Finding mold is the first step to getting rid of it. We noted in last week’s installment of the Mold Matters series that mold can be found in your front-load washing machine – a place meant to keep your clothes clean. As we continue the series, we take a look at the windows throughout your home and why they can be a prime breeding ground for mold.
What should you do if you discover mold growing on your windows? Most importantly, get started as soon as possible to clean it up and figure out why it might be forming in the first place, because mold only gets worse over time.
Find the cause. Molds are microscopic fungi that grow easily in moist, somewhat dark conditions. Molds can develop in bathrooms, under kitchen sinks, places where water has leaked into walls or floors, or in insulation that has gotten wet. Mold can also develop on windowsills, as well as in and around window frames—this happens when the windows leak rain in from the outside, or when moisture condenses on the windows in a bathroom after a shower. If mold has developed around a window in your living room, bedroom, or basement, find out how water is getting into the frame. If mold is developing around a bathroom window, the problem may be as simple as a lack of ventilation.
Remove the window and clean or replace the frame and fix the leaks. If mold has gotten into the window frame, you will have to have the window removed and the frame cleaned or replaced. Remove all wet insulation or framing and thoroughly dry any framing that’s left in place. Then, seal up the leaks around the window and frame to prevent the problem from reoccurring.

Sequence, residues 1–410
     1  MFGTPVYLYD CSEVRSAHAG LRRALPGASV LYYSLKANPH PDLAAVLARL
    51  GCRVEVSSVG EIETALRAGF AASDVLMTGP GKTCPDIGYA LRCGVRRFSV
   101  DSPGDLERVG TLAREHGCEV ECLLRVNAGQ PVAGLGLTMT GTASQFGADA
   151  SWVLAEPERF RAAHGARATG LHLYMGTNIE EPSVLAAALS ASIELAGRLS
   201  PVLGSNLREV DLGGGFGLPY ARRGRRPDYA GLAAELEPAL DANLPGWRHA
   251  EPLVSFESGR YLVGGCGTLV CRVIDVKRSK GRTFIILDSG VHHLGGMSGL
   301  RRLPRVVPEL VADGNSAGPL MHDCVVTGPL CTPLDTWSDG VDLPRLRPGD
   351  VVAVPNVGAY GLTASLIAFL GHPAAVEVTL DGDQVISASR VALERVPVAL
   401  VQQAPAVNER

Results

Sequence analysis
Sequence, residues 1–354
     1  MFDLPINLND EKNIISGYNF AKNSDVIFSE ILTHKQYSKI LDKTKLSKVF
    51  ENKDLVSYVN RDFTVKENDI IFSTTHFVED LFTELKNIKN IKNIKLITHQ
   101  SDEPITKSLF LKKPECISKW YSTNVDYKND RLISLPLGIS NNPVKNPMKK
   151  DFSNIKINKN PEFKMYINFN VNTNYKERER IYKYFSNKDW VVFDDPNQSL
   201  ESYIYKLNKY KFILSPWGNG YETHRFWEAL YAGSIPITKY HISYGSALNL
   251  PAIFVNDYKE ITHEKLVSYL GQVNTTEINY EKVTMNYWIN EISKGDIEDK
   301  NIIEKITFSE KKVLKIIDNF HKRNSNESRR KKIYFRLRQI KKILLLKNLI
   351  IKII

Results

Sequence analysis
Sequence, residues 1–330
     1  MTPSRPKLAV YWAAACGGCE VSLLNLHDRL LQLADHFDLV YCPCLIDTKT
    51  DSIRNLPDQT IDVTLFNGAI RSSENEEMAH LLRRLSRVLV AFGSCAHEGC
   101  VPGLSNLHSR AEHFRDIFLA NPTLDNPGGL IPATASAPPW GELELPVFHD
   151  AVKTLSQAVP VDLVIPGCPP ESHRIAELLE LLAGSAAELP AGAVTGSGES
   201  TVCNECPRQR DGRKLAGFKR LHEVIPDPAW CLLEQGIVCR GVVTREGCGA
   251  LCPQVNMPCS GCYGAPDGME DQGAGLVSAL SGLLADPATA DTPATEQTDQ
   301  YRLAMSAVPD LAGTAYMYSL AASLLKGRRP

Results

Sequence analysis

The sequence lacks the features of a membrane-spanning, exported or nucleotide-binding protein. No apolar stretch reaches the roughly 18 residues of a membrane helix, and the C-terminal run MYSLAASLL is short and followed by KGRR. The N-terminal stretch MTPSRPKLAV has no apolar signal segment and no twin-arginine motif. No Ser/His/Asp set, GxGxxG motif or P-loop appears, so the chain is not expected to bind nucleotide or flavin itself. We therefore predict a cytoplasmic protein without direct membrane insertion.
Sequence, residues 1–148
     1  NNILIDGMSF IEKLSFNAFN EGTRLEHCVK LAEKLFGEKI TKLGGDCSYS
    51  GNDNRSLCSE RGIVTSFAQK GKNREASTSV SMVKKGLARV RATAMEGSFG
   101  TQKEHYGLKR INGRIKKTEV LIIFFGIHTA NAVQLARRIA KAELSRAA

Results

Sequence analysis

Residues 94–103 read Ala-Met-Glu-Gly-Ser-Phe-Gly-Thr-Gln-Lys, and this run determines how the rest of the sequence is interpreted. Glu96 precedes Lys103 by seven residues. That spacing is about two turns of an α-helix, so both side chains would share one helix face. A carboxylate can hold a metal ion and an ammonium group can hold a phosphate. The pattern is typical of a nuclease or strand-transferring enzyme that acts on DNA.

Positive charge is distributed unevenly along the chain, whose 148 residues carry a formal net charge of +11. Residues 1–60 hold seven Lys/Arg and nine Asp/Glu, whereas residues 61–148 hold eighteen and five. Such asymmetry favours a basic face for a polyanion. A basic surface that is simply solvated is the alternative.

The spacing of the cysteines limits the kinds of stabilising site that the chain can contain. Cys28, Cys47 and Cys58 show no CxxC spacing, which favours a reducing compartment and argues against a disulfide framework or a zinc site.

Check the roof and gutters. If you didn’t see any obvious window leaks, there’s a chance that your roof has a leak or that your gutters are backed up, which can send water down into your home and out through the window frames. Check the roof and gutters thoroughly to make sure they’re not creating the problem.
Redirect water away from your home. Basement windows may be getting wet because they are too close to the ground, and the ground gets too wet when it rains or snows—or even when someone waters the lawn. Once the window has been fixed, drain water away from the home and the downstairs windows. You can also protect your downstairs windows with a window well that can help prevent water from seeping into your windows and growing mold. Water condenses on windows especially in the winter, then drips down into window frames, where it can cause mold.
Reduce humidity and moisture in the bathroom. If bathroom windows are moldy, most likely it’s because there’s not enough ventilation. Always run the fan in the bathroom when bathing, and especially when showering. Leave a window open as well, and keep the door to the bathroom open after your shower so that there are several ways for steam to exit the room rather than condense on the windows. If your bathroom doesn’t have a ceiling fan, position a small portable fan on the floor or counter so it can circulate the air and help dry it out.
Monitor your windows. Mold is notoriously difficult to destroy. Once you’ve cleaned your windows (and we recommend having a professional eradicate the mold) and addressed the source of the problem, keep a watchful eye on your windows to make sure the mold doesn’t return. If you notice water puddling on a windowsill or condensing on the window frames, wipe them up immediately.
Mold is difficult to remove. If it isn’t done properly, it can continue to be an eye sore and cause potential health risks to you and your family. If you find mold lurking around the interior and exterior of your home windows, contact the experts at Sage Restoration. Mold isn’t something to take lightly – it DOES matter! In the next installment of our Mold Matters series, we will take a look at the opportunity for mold growth on your dishes and cutlery!